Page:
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© Oxford University Press, 2013. All Rights Reserved. This chapter examines the key determinants of the epidemiology and transmission dynamics of directly infectious viruses in general, and of the SARS virus in particular, presenting analyses of the impact of different control interventions. The World Health Organization (WHO) responded quickly and effectively to the 2003 SARS crisis. However, there are certain aspects of the biology of the SARS and the politics of Asia that contributed greatly to the effectiveness of isolation, quarantine, and travel restrictions as modes of control. Specifically, the agent was poorly transmissible, especially before patients were symptomatic. Equally important, draconian public health measures were very effective in the Asian regions where the epidemic originated. If SARS had spread into more litigious populations, such measures might have been impossible to impose.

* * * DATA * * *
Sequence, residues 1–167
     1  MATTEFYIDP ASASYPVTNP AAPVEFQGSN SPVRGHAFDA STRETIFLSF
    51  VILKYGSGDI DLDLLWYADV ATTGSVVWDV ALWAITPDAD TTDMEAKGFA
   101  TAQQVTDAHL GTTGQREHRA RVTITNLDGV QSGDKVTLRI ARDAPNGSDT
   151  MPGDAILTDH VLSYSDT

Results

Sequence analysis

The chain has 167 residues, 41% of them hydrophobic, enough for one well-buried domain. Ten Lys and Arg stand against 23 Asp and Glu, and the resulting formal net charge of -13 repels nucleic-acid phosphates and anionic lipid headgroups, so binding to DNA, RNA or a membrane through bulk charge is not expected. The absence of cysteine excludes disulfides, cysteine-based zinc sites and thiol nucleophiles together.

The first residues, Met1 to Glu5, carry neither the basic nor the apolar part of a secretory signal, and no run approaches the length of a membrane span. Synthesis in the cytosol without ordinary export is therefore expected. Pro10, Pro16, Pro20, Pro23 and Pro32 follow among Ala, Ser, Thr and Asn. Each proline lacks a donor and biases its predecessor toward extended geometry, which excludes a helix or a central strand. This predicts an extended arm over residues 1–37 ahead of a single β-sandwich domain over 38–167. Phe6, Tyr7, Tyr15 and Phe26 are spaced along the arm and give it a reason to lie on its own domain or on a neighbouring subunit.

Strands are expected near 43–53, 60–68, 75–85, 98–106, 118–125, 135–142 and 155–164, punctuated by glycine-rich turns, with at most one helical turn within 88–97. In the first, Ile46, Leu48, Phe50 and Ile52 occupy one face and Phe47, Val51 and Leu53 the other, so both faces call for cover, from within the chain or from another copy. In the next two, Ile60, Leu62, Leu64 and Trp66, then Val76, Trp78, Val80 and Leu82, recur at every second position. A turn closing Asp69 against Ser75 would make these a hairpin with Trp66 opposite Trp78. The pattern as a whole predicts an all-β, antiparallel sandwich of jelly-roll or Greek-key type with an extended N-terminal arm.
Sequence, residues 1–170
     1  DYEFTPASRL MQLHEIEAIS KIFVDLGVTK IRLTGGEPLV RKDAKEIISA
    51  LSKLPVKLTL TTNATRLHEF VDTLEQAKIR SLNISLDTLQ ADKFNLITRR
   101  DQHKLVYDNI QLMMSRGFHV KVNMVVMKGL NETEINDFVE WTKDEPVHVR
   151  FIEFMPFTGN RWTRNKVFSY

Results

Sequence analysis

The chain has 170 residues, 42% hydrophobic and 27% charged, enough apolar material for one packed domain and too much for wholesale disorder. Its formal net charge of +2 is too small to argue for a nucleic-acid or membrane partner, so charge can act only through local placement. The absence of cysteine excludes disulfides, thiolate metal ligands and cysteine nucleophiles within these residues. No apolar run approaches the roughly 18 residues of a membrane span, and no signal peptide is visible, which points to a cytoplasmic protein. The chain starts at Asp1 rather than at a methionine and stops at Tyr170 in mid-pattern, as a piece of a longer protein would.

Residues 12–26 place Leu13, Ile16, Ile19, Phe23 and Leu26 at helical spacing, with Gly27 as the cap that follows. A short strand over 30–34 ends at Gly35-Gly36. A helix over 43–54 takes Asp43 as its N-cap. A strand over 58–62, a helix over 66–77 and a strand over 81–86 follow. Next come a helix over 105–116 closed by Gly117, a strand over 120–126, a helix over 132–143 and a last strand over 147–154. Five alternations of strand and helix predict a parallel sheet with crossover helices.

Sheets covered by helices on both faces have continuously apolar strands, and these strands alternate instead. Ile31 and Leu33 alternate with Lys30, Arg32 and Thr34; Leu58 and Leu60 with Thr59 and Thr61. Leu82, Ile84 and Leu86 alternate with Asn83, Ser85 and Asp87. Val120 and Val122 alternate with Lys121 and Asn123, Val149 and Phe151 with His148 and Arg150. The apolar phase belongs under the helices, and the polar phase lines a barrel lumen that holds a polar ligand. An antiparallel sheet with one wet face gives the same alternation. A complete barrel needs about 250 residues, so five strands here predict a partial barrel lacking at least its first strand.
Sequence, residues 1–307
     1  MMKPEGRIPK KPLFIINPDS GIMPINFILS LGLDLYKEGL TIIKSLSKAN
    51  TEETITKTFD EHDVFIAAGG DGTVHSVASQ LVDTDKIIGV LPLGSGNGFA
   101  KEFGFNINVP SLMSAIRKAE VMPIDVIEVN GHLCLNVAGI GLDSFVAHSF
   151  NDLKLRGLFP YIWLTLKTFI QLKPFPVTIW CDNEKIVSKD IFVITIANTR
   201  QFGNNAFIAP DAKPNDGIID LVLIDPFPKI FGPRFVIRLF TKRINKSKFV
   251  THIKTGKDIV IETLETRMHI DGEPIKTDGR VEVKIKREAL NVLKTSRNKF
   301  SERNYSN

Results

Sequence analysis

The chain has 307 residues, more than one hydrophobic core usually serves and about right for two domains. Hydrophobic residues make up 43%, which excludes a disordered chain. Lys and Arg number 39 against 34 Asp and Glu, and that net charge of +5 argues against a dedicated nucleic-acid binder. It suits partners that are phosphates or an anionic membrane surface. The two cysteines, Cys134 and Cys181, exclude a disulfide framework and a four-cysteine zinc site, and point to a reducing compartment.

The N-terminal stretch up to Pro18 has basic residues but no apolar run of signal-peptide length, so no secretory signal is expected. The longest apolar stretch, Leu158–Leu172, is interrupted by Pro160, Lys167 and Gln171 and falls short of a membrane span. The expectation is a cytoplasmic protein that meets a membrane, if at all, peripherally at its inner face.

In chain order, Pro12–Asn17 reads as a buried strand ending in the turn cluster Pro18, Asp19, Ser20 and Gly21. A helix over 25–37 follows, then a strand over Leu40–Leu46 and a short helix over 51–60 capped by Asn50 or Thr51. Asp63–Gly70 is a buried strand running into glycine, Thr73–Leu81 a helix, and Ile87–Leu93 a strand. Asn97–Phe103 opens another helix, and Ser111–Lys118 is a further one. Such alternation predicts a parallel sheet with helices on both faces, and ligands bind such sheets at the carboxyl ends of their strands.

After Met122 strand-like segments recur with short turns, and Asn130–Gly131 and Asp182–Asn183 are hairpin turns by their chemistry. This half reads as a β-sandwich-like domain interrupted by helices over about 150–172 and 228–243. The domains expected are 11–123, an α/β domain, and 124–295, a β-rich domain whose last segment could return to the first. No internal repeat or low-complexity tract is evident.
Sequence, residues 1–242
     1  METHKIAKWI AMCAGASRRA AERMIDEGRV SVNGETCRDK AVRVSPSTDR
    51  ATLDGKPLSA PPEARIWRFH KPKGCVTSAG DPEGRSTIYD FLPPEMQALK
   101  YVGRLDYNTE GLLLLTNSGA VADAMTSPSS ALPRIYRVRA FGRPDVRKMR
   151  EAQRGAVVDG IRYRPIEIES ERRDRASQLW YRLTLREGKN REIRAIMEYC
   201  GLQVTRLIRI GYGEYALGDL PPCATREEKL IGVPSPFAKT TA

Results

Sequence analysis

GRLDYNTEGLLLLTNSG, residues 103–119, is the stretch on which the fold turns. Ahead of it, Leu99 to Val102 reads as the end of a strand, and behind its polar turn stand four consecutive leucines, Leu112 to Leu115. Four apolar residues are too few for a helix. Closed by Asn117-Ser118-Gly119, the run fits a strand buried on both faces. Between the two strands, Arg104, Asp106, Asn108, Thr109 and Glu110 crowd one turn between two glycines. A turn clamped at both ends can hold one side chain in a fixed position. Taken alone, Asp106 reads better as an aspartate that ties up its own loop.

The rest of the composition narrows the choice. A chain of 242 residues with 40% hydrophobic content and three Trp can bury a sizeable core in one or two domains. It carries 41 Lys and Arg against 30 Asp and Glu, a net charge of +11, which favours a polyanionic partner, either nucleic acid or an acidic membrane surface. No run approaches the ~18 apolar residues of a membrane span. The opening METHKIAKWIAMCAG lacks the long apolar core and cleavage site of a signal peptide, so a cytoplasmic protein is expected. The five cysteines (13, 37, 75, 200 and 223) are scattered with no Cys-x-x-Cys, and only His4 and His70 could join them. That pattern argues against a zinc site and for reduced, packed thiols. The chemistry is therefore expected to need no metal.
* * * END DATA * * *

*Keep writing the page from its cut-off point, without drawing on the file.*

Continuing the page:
Original publication

DOI

10.1093/acprof:oso/9780198568193.003.0010

Type

Chapter

Book title

SARS: A Case Study in Emerging Infections

Publication Date

01/09/2007